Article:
How a Container Registry Can Both Save and Harm

Container image registries can offer significant advantages for developers but with one caveat attached: not all registries are created equally. This contributed piece from VMware’s Steve Wong reveals both the positives and negatives of using public cloud repositories for container images.

Twistlock 19.07 Builds on Automation, Visibility, Prevention

Cloud native security provider Twistlock unveiled the latest version of its cloud-focused security platform, debuting the updates at the AWS re:Inforce cloud security conference this week in Boston. Twistlock 19.07 aims its sights intently on the areas of serverless, containers, and cloud native computing.

Party On

All the data engineering talent is right here with GitLab’s Emilie Schario at KubeCon + CloudNativeCon and Open Source Summit in Shanghai.

At QCon New York this week, LinkedIn’s Celia Kung showed off the company’s new data streaming platform, Brooklin.

Cara Fonseca-Ensor of Vend, Josh Robb of Pushpay, Simona Turinof of Xero, and Serge van Dam, all spoke on a panel at the Tech Leaders Launch in Auckland, New Zealand.

JD Trask, co-founder and CEO of Raygun, spoke at the Tech Leaders Launch in Auckland, New Zealand.

At PostgresVision, OnGres’s Alvaro Hernandez showed how Postgres beat MongoDB at processing transactions, especially on very large servers.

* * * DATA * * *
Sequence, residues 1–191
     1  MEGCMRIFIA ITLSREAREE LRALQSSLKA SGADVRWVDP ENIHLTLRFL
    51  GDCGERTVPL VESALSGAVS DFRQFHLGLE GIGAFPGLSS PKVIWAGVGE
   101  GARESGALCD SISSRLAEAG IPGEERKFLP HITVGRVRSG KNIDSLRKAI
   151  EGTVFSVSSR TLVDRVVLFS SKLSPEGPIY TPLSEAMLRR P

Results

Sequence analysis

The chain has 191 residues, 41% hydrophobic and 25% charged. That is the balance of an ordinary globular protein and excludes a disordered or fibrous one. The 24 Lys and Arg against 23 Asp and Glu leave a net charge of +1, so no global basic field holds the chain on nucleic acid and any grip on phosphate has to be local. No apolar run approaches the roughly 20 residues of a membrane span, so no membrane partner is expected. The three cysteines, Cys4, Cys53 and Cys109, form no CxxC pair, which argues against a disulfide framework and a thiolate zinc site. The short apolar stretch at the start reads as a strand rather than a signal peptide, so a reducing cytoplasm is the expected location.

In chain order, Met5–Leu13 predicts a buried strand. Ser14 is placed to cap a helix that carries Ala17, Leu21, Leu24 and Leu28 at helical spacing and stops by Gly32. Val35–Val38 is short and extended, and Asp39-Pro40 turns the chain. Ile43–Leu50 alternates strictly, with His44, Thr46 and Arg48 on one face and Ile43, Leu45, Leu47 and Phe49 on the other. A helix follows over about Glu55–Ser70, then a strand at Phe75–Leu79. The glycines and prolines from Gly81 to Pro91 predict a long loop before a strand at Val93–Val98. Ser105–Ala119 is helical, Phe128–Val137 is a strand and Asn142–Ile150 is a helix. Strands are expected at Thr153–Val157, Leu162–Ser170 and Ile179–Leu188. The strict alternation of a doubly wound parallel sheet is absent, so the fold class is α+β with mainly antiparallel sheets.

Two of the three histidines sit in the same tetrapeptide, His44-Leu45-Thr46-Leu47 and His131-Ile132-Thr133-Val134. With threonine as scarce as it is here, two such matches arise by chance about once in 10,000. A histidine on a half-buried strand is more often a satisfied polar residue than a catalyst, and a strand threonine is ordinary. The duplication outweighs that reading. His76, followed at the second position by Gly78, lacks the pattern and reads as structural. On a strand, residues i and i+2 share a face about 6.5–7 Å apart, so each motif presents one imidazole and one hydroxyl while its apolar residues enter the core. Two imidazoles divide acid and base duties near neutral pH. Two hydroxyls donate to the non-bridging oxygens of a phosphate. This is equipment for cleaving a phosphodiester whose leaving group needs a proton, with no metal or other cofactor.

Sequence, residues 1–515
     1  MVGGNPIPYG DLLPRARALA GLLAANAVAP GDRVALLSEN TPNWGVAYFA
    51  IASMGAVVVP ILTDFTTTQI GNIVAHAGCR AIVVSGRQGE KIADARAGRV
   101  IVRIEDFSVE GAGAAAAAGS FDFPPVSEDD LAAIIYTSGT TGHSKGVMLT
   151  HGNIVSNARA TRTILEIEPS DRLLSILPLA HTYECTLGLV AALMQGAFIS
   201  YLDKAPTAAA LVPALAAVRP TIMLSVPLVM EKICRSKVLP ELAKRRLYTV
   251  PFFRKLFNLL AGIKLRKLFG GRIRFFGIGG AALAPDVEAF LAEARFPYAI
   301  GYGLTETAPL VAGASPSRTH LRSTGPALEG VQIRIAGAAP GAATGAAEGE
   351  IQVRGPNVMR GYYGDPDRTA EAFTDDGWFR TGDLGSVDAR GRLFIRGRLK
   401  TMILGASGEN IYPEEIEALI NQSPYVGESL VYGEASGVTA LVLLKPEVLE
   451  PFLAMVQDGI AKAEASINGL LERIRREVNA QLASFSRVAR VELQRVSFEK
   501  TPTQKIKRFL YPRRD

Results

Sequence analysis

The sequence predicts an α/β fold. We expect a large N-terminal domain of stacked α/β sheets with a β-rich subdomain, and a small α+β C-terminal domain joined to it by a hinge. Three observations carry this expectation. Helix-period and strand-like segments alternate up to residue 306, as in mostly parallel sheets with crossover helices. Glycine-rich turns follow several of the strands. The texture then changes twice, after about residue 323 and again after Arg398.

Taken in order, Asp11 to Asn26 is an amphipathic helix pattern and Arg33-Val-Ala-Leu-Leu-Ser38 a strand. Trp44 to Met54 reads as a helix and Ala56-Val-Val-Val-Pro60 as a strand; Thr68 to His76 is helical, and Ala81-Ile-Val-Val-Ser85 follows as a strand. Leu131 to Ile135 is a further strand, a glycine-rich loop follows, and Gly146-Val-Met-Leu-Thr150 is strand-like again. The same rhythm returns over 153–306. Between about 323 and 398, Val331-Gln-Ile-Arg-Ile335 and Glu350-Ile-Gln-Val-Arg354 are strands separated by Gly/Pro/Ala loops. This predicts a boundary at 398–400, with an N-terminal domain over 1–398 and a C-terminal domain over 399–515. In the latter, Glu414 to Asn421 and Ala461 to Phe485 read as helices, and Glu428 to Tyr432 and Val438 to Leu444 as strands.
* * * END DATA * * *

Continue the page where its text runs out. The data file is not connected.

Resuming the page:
At PostgresVision in Boston this week, the dapper PostgreSQL core maintainer Bruce Momjian discusses the democratization of databases.

A happy conference staff for KubeCon+CloudNativeCon and Open Source Summit China and Eddie Rogers, the always smiling TNS camera guy and podcaster — peace!

Jing Xu of Google and Xing Yang of OpenSDS gave a memorable presentation about Custom Resource Definitions on the first day of KubeCon+CloudNativeCon and Open Source Summit in Shanghai this week.

On The Road


OSCON is where to go to understand what’s shaping software development—from AI and cloud technology to distributed computing—and learn how to put it to work for you. You’ll hear from industry heavy-weights like Holden Karau (Google), Rupa Dachere (CodeChix), Julien Simon (AWS), and Alison McCauley (Unblocked Future). 25% off bronze, silver & gold passes with code TNS. Register now!
The New Stack Makers podcast is available on: — Pocket CastsStitcher — Apple PodcastsOvercastSpotifyTuneIn

The New Stack @ Scale is a show about the new concepts of scale for the software and services that run the Internet and beyond. Each month we explore what scale really means for developers and operations managers working with complex services and systems in an increasingly distributed world.